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Despite the urgent need to phase out fossil fuels, Japan is driving the expansion of liquified gas (LNG) and other fossil-based technologies like ammonia co-firing across Asia and globally. This will worsen the climate crisis and harm communities and ecosystems. Communities and movements are rising up – particularly in the Global South – to oppose Japan’s efforts to derail the transition to renewable-based energy systems.
The Japanese government is the world’s second-largest provider of international public finance for fossil fuels and the world’s largest provider of international public finance for gas. Japan has continued financing international fossil fuel projects this year, breaking the promise it made at the G7 to end international direct fossil fuel finance by the end of 2022. Japan is also considering financing for at least eight fossil fuel projects, including the expansion of the Cameron LNG export terminal and the Block B/O Mon gas project in Vietnam.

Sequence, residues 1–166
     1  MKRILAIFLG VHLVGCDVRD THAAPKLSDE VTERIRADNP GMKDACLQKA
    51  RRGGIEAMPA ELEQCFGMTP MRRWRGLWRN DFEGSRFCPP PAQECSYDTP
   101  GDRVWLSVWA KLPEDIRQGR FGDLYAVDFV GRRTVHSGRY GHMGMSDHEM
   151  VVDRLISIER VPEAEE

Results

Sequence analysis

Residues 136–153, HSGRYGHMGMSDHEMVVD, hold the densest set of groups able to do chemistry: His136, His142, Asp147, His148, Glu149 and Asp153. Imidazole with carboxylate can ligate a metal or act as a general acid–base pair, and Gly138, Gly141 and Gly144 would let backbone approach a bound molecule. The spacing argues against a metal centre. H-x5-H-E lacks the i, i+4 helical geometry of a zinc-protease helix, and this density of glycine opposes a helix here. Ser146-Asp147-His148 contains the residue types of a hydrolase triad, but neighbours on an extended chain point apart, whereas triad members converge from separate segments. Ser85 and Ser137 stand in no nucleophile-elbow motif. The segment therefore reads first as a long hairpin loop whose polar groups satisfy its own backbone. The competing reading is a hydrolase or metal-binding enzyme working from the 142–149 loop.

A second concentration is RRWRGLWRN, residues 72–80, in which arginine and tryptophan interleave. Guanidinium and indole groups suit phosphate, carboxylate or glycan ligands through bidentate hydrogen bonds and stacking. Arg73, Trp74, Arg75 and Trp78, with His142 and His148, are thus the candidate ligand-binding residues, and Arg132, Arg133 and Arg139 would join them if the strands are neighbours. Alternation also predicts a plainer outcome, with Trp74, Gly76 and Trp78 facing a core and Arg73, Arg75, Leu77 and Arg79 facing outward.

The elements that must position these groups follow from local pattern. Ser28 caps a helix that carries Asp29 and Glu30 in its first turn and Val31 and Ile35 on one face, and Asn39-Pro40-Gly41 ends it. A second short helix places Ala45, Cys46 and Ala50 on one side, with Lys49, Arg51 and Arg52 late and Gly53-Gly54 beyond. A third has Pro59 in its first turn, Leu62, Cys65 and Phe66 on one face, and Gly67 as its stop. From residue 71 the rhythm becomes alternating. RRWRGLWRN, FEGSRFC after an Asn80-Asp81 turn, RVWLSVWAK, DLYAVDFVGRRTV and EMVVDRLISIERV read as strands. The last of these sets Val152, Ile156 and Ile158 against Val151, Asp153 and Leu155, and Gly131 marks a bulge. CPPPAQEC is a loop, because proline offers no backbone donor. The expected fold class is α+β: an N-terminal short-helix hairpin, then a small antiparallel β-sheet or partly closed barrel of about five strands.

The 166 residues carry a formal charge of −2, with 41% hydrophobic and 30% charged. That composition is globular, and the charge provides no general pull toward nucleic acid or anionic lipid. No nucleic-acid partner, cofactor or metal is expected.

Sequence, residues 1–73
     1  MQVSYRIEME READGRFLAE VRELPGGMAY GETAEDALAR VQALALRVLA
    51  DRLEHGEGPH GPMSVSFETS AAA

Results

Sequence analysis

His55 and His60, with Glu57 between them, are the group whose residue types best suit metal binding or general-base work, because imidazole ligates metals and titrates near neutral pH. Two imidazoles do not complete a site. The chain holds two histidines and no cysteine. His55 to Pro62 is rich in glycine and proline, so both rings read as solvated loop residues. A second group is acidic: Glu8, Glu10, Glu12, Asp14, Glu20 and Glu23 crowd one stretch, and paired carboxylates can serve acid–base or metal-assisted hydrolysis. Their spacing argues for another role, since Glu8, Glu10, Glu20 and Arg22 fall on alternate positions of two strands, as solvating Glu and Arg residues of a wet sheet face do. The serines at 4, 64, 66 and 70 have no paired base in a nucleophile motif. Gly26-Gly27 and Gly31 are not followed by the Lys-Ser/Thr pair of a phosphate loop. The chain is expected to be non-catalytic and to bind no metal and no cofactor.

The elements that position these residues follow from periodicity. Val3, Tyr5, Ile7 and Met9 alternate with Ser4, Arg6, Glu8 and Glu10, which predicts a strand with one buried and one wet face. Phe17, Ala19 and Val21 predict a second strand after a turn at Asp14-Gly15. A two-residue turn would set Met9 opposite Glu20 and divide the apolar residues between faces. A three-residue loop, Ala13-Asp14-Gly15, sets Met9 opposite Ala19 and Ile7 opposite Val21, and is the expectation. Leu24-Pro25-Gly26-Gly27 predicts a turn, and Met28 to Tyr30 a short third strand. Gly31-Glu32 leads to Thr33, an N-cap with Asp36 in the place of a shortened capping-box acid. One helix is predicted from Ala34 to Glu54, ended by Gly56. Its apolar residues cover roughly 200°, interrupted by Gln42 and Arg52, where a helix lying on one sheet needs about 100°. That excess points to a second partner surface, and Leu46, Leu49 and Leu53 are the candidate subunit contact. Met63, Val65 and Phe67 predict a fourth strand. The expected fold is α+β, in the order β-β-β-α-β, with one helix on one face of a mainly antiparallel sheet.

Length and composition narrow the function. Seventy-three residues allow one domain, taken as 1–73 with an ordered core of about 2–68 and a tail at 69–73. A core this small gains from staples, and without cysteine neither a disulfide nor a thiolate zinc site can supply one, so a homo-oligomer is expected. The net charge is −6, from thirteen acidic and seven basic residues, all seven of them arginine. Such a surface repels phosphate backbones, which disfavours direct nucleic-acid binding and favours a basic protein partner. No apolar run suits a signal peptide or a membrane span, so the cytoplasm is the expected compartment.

Meanwhile, other countries are rapidly phasing out government-backed finance for fossil fuels and shifting finance to renewables instead. As this unstoppable trend accelerates, Japan looks increasingly isolated.
Despite Japan’s claims, continued gas financing will undermine energy security and prolong an energy crisis caused by fossil fuels. The International Energy Agency’s (IEA) authoritative World Energy Outlook 2023 shows oil, gas, and coal demand plateauing this decade, and confirms that no new oil and gas investment can be permitted if the world is to keep to the 1.5 degree Celsius goal of the Paris Agreement. The IEA also stated last year that “no one should imagine that Russia’s invasion can justify a wave of new oil and gas infrastructure in a world that wants to reach net zero emissions by 2050.” This means that any further public finance for fossil fuels will only exacerbate the energy crisis, not solve it.
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